I received an email this morning from a friend who attended Saturday. He’s a bit older than me, and dropped fly fishing years ago when work consumed his every waking moment. I’ve been taking him out over the last few seasons, hoping to reinvigorate his interest (and get him to subsidize my stream-side lunches)…

Nothing has fired me up as much as Lefty’s lesson.

Lefty casting

My free sandwiches are in peril!

Everyone was in great spirits, and despite the economic difficulties facing our world right now. In one respect, however, the show got lucky. We had balmy weather the first of last week here in Denver (highs in the upper 60’s are enough to make anyone happy in January), but by the time I left Thursday a cold front was moving in. Nevertheless, I did get to meet several of the folks working the event, and they were asses and elbows keeping things running smoothly. Which it did, so they deserve like 99% of the credit – mother nature gets the rest.

Bottom line – the show was a resounding success, and I’m already looking forward to next year.

Comcast: my friendly, caring, and cheap dogsitter

Today must be National Bash Comcast Day.

Someone started a rant about Comcast’s poor service. Glenn Reynolds picked up on it and is now running a poll asking his readers to help him decide which service to switch to. Others are piling on.

How about turning off the TV for a bit and getting outside, eh?

I am a Comcast subscriber. A happy Comcast subscriber. I have the minimum cable TV subscription possible, and the only reason I turn on the TV is to keep the dog company when I’m out. Even that has competition, since the neighbors love taking him, and…

I keep a Mac Mini around as a backup computer, which also serves duty as a nightly server backup machine (with a neat little AppleScript/cron job combination) and as a stereo system (married to Bose Companions, all sitting on the fireplace mantle). I’m now piping Minnesota Public Radio through it during the day – that has elevated my already stupendous canine friend into the intellectual elite, with a combination of classical music and mixed talk (although frankly, my dog would probably bite me if he knew I was comparing him to the “intellectual elite”).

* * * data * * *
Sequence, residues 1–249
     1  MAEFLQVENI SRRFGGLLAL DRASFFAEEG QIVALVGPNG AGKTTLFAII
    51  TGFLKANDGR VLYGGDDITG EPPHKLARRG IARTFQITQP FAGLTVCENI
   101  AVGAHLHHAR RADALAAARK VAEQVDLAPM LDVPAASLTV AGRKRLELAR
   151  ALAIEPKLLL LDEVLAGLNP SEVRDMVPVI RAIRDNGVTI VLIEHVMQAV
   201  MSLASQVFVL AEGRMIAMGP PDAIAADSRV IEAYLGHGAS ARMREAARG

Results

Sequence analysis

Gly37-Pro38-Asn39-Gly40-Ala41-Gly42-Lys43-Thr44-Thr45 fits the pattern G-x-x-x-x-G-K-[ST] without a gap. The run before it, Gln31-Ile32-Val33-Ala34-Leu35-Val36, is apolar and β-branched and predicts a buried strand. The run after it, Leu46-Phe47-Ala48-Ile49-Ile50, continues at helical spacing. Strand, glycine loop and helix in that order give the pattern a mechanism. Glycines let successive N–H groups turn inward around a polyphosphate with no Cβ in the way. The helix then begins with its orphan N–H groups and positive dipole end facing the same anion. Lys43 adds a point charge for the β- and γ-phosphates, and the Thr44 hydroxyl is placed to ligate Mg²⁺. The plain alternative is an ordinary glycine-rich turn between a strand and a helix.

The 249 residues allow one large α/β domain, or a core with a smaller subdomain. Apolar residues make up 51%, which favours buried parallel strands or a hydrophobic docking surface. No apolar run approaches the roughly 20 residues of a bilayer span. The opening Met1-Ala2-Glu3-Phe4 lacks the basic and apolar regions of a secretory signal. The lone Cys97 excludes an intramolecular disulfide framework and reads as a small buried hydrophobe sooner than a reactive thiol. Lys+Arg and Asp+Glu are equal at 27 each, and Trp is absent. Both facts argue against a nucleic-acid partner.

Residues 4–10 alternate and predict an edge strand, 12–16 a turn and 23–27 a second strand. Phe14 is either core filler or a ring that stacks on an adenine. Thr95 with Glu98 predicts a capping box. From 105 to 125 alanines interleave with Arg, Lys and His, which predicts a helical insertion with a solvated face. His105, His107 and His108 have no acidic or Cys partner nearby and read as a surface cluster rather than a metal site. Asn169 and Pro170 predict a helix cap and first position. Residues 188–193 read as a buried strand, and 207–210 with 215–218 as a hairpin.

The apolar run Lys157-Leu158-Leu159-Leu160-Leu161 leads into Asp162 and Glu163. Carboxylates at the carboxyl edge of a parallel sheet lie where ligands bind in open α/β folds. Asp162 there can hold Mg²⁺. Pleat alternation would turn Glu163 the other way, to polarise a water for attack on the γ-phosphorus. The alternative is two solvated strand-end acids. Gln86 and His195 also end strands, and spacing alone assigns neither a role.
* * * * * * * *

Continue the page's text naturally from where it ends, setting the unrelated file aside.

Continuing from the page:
I find it hilarious that people are squawking about the fact that kids aren’t too keen on the outdoors anymore while simultaneously pissing and moaning about their cable service.

By the way, I also have a Comcast internet connection, and it screams. I’ve moved twice with it and always found the techs courteous and willing to work with someone who possesses a bit of technical know-how (like understanding how to get a connection through the modem without having to install software). They are always cool as cats as far as I’m concerned.

Maybe I get treated well by them because I loved getting dirty as a kid (and still do)?